Attributes of a Successful Language Learner
Apr14

Attributes of a Successful Language Learner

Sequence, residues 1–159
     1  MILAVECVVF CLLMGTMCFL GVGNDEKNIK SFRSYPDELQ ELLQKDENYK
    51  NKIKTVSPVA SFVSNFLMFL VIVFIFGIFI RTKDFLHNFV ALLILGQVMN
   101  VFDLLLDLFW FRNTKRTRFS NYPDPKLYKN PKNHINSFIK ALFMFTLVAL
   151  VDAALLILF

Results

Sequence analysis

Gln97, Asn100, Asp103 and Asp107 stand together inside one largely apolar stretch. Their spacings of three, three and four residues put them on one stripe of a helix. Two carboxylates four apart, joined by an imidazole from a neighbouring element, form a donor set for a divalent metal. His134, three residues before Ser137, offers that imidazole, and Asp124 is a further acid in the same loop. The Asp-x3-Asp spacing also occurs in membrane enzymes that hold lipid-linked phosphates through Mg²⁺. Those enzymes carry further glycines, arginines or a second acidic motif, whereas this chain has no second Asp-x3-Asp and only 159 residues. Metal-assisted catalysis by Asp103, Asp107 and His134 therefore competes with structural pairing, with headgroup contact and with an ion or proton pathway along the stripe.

When people find out that I speak four languages (this is unusual in Australia, although I know it may not be so in some other countries) they usually immediately conclude either that I’m exceptionally intelligent or some sort of language genius. This can be frustrating at times, since because language learning is a huge passion of mine that has positively influenced my life in profound ways, I’m often looking to encourage others who are curious about learning languages or who have just started to learn one. It’s frustrating because the problem with such conclusions is that it is extremely discouraging for potential learners, as they will reason that they just must not be smart or lucky enough to have the gift of learning languages and so won’t even try. I firmly believe that I have no special language learning ability whatsoever. I don’t pick them up effortlessly, and only am able to learn them because I’ve developed my own method for learning languages that suits my learning style, and because I’ve realised that there are a number of common attributes shared by successful language learners. I learnt Italian in Primary School for 7 years, and never learnt much. I also did French all the way through High School, but only was able to learn it when I started researching the infamous internet polyglots Luca Lampariello and Steve Kaufmann, whose videos and articles gave me the tools needed to go forth and learn French to fluency. Anyone who spent the same amount of time learning languages as I do using a similarly efficient method could learn them just as well as myself. And so, without further ado, let me begin my personal analysis of what makes a successful language learner!   The Common Qualities of Successful Language Learners  1.    Motivation. Learning languages is actually not particularly difficult. The illusion of difficulty is created due to the amount of time it takes to learn one to fluency. Therefore, in order to ensure you keep at it long enough, you need to think about your motivation for learning your chosen language. Note that learning a language for bragging rights or to do well in school etc is generally not motivation enough. I don’t have a perfect formula for what constitutes a sufficient desire to learn, but in my case it is the wish to communicate with people from various cultures without difficulty and learn about their way of life. I love travelling, too, and realise that the only way to forge meaningful relationships and assimilate into a new society is by speaking the language. I also have am convinced that continuing learning...

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